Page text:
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Looking back to colonization, and forward to a Pilgrimage of Justice and Peace Looking back to colonization, and forward to a Pilgrimage of Justice and Peace
Looking back to the Mennonite World Conference in Harrisburg, Pennsylvania, I am glad that the opening ceremony started with indigenous music, a reconciliation song. A recount of the taking of the lands by European colonists, called pioneers.
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Bethlehem shepherds, water shortage and trees of hope Bethlehem shepherds, water shortage and trees of hope
This Christmas Season I will have concrete places in my mind when I listen to the story of the shepherds in the fields of Bethlehem. I will think of the Bedouin community in Suyica, near Yatta, a Palestinian city in the West Bank. They live in tents and in caves because they are not allowed to build houses. Together with about 20 Methodists from around the globe representing the World Methodist Council, we visited them in October.
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Religious groups working for peace and love Religious groups working for peace and love
Teenagers pose lots of challenges for any parent. Emotional, rebellious, and subject to inevitable pressures, it is undoubtedly difficult to raise children who are transitioning from becoming children to adults. I am in this situation—I have three. As I reflect on their growing into individualized people, I can only hope that, once they embark on their respective paths, they live in a society that is peaceful and accepting.
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Vatican conference and ecumenical echoes on nuclear arms and human development Vatican conference and ecumenical echoes on nuclear arms and human development
A ground-breaking pontifical critique of nuclear weapons affirms the new treaty to ban nuclear weapons. By linking possession and use, Pope Francis is offering a new standard for Catholic debate over nuclear weapons. By offering it now, the pope is making a moral affirmation of the Treaty on the Prohibition of Nuclear Weapons adopted at the United Nations in July. The new treaty--which bans the possession, use and threat of use of nuclear weapons--is cited in this year’s Nobel Peace Prize award to the International Campaign to Abolish Nuclear Weapons (ICAN). The World Council of Churches is a member of ICAN and shares the same moral and spiritual critique of nuclear armaments.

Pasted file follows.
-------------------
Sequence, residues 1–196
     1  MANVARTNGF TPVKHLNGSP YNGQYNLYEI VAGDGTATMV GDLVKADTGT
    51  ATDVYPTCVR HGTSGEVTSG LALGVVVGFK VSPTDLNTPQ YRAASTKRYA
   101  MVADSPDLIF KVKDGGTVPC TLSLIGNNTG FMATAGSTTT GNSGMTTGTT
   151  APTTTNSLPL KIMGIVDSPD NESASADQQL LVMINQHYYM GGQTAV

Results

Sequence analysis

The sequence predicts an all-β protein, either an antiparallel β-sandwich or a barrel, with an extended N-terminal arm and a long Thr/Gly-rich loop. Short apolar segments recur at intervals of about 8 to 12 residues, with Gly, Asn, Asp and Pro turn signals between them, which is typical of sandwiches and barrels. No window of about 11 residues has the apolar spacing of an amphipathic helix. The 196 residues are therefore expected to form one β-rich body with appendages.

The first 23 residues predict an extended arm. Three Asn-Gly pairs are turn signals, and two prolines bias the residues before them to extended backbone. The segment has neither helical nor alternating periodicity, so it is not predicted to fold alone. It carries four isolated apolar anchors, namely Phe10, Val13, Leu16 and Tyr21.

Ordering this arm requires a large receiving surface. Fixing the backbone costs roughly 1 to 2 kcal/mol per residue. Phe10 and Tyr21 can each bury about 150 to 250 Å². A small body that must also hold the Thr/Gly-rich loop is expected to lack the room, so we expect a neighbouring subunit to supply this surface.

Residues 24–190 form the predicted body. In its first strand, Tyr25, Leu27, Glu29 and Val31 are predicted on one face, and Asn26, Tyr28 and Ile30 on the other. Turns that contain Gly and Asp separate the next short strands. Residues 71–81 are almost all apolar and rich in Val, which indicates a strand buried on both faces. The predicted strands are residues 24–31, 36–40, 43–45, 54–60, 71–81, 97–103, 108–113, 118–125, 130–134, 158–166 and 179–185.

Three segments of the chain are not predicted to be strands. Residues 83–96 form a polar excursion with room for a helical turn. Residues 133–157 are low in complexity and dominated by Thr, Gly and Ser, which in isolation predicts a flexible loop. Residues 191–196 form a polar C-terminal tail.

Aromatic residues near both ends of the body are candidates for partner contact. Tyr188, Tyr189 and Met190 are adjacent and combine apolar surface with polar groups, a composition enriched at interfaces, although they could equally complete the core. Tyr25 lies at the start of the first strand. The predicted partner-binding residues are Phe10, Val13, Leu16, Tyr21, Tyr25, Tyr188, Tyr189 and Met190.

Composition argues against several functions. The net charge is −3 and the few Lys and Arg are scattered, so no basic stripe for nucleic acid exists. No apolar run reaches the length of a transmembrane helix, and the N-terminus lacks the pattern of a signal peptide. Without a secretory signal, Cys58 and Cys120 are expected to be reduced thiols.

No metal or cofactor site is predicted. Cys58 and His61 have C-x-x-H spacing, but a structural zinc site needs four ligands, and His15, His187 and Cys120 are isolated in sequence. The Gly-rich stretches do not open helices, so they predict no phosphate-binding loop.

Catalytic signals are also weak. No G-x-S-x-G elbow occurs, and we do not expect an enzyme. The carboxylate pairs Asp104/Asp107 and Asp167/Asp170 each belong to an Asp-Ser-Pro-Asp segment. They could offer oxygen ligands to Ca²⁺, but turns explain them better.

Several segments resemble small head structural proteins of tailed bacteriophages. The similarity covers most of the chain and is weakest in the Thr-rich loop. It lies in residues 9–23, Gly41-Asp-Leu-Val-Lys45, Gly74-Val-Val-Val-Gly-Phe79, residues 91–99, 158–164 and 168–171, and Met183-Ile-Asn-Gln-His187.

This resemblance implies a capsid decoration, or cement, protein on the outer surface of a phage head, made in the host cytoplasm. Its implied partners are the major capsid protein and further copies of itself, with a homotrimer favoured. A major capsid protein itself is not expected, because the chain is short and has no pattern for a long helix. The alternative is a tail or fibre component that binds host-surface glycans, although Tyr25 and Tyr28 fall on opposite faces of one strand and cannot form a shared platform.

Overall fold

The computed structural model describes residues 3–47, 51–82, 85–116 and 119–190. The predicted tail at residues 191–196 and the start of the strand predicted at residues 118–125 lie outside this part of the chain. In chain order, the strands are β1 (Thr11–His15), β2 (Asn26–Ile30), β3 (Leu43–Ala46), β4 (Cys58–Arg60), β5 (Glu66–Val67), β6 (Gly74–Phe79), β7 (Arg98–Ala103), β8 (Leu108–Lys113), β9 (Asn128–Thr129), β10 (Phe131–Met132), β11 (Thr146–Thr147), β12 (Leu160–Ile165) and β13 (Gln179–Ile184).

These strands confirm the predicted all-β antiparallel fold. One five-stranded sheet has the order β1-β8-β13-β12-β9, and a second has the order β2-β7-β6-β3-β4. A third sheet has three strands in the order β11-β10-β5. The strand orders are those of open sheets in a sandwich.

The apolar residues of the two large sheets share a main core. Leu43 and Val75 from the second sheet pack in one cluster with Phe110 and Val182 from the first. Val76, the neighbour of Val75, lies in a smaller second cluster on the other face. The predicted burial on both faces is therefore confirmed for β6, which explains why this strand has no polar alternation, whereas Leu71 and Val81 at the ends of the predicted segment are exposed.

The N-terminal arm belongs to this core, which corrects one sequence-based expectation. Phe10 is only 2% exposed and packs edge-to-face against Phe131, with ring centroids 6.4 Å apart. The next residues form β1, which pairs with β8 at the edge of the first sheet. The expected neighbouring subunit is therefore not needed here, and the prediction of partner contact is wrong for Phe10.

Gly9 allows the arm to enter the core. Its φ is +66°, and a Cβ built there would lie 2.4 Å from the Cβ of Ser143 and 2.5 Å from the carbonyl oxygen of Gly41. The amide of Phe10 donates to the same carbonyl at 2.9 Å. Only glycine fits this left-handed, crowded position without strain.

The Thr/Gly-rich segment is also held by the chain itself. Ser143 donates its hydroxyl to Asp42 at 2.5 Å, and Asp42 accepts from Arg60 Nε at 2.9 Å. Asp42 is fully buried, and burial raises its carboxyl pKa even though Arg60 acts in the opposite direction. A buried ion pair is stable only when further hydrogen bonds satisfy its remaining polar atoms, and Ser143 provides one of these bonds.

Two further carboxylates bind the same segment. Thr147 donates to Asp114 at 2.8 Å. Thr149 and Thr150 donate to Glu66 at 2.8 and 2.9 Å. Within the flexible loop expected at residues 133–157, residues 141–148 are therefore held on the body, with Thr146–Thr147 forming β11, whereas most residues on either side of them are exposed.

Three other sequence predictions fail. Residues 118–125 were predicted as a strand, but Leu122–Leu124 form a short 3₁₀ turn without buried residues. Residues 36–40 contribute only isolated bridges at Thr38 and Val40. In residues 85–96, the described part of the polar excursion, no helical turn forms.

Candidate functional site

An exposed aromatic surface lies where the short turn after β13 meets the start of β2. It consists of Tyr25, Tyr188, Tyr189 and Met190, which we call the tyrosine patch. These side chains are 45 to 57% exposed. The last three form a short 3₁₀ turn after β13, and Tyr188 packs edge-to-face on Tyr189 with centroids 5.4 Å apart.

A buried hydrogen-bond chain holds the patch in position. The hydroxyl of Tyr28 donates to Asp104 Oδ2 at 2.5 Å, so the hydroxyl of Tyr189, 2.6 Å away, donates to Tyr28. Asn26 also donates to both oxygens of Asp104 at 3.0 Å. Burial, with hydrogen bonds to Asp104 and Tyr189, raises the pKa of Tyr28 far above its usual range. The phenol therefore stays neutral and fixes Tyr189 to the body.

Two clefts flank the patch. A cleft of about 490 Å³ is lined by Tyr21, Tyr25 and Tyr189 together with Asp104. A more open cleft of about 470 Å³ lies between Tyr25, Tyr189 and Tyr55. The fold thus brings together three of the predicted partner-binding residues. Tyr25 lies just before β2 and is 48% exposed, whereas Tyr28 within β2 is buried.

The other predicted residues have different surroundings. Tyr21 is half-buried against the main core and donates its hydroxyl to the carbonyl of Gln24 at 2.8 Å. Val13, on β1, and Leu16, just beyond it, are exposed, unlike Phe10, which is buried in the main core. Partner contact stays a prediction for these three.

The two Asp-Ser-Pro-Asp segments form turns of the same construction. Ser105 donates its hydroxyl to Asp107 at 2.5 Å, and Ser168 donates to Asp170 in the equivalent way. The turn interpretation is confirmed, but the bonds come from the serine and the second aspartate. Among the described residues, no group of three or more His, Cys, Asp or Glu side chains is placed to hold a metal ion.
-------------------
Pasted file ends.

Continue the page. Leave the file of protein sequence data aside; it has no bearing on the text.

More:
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A harmful text on love? A harmful text on love?
“Yes, he abuses me, but you know, the Bible says I must bear all things” - “There are many signs that he is cheating and exposing me to HIV, but he says that he is faithful and I should believe all thing in love.” - And even: “My father/pastor/teacher rapes me, but my family says that I should just endure it and not bring disgrace on our family/church/school.” - This can never be the message that Paul wanted to send to the Corinthians or to those of us who read this today!
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Water and the human right to food Water and the human right to food
Water is a key resource both to provide drinking water and to generate food and energy for a growing world population. A fifth of the global population lives in regions affected by water stress - in regions where more water is used than can naturally be recharged.
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South Sudan: the wounds South Sudan: the wounds
As the World Council of Churches pilgrim visit of justice and peace to South Sudan draws to a close, I’m struck by how several issues intersect and interact: the position of women, poverty, sexual exploitation, the prevalence of weapons, and the lack of safety.
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For birth or death: the destiny of Bethlehem For birth or death: the destiny of Bethlehem
I sometimes ask people if they know which is the first point in the Bible that Bethlehem gets a mention. And that normally offers them quite a challenge. People certainly move back from the New Testament into the Old – and come up with responses like, ‘the story of David’, or ‘the Book of Ruth’. Good thinking. But actually the first mention of Bethlehem in our Bibles (as they are now set out) occurs much earlier still.
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A dream across the barbed-wire fence A dream across the barbed-wire fence
A little girl, barely four years old, crawls underneath a barbed-wire fence at the Serbian-Hungarian border. Her face is straight as she glances ahead, irradiated by sunbeams; her fingers are cramped into the muddy soil. Hundreds of thousands refugees are on the move as I write these lines. A reality, which for so many in Europe these past years had remained remote, suddenly becomes close and subject of fierce controversies.
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Faith in action: for access equity rights now Faith in action: for access equity rights now
Why should people of faith get engaged in AIDS2016? - The first time I took part in the International AIDS Conference was in Mexico in 2008. I was overwhelmed and fascinated. I was impressed by the large number of people HIV could mobilize, and yet I knew many people around the world had no idea of the difference between HIV and AIDS, and even worse, many did not want to know about it.
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